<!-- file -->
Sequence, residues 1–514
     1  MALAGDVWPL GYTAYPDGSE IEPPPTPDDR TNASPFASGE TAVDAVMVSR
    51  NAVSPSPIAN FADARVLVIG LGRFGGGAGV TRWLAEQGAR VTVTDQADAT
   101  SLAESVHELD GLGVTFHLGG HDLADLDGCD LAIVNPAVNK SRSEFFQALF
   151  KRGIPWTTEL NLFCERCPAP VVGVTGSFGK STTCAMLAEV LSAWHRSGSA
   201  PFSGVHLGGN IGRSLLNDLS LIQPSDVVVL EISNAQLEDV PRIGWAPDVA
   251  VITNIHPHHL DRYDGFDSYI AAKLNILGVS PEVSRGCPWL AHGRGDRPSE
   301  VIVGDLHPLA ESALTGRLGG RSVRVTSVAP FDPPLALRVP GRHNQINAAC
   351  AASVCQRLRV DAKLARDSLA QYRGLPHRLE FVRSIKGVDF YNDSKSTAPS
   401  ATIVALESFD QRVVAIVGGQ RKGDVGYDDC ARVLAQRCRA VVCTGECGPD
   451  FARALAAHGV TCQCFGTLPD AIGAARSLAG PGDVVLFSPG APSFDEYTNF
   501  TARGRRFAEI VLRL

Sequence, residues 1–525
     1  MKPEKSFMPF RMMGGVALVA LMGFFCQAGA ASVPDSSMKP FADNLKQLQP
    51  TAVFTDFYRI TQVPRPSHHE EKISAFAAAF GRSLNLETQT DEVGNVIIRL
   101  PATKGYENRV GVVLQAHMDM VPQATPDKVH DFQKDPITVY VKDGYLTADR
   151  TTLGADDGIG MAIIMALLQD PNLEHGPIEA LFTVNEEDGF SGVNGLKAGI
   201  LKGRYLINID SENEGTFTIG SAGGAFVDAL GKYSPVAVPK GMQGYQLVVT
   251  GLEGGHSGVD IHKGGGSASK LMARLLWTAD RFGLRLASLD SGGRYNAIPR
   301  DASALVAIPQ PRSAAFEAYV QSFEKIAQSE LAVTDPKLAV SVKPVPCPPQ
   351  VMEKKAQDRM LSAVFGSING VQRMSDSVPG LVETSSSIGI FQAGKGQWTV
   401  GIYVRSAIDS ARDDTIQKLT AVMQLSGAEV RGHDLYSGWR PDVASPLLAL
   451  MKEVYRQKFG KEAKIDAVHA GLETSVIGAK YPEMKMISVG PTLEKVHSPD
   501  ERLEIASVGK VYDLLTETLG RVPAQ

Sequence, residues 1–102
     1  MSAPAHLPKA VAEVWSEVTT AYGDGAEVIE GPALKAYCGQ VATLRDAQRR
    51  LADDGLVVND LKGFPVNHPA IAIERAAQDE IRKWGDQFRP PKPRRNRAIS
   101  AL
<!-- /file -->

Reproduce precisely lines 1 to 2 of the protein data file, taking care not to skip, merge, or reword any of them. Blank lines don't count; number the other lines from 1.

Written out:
Sequence, residues 1–514
     1  MALAGDVWPL GYTAYPDGSE IEPPPTPDDR TNASPFASGE TAVDAVMVSR